The Overtones are back with their third album, an upbeat take on a number of classic songs from the movies combined with a few others, including some original songs written for the album. Covering tracks from such films as When Harry Met Sally, Breakfast at Tiffany’s and Dirty Dancing, the boys ably apply their vocal harmonies to a broad selection of songs.
The first noticeable thing about the album is how instantly recognisable the track list is and on a quick glance you will probably recognise most of them. The title track is first on the album and sets the tone of what is to follow perfectly well. From thereon in, the album contains a number of classic songs such as “Moon River”, “Do You Love Me?” and “Pretty Woman” all of which are well executed and put together.
Using their tight and polished vocals, the group reinvigorate the classic tracks and introduce us to some new ones – “Miss Hollywood” and “Superstar” in particular were unexpected pleasures. The album is mainly upbeat and catchy with you finding the songs feeling familiar even upon first listen. However, the group have managed to add something just different enough to the songs to ensure that the album never comes across as just straight covers, but equally that it does not stray too far from the originals to make them unrecognisable or overblown. There is also a pleasant balance between music and vocals, which allows the group’s vocal strengths to shine through.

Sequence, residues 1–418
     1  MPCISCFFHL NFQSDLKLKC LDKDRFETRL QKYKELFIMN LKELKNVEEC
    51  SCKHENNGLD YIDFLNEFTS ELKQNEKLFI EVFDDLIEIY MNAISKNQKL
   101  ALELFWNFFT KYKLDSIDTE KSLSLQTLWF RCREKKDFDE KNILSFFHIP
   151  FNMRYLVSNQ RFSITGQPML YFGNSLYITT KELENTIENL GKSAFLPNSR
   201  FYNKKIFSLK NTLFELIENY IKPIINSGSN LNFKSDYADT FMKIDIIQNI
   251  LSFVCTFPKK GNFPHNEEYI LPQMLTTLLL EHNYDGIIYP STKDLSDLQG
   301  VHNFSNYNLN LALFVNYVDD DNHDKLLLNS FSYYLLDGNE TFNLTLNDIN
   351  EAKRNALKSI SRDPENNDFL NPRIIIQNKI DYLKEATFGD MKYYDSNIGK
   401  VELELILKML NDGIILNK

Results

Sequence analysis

With the right mixture of upbeat numbers and slower ballads, this collection is easy to listen to and is, in the majority, likeable and fun. That said; there are a couple of songs which seem a little out of place and don’t really fit with the rest of the track list. Whilst “The Bare Necessitates / I Wanna Be Like You” and “Don’t Worry, Be Happy” are good enough as standalone tracks, they don’t seem to sit well with the rest of the songs and interrupt the flow of the album.
Album highlights included “It Had To Be You”, “Runaway”, “Superstar” and “Shake A Tail Feather” and the whole thing was enjoyable enough. As with all music, you have to appreciate the style and genre of music, so this is not going to be an album that suits everyone. If you love your hard-core house or death metal, then you should steer well clear.
However, if this is your kind of music, the overall flavour of the album is very much peppered with a 50’s tinge and fans of Do-Wop, rock ‘n’ roll and swing music will find a lot to enjoy in this album. It has a genuine feel of nostalgia to it and a pleasant, foot tapping, sing-along charm of its own.
In between visits to the theatre, watching films, photography, walking, scuba diving and singing (badly); Paul writes for TheGayUK.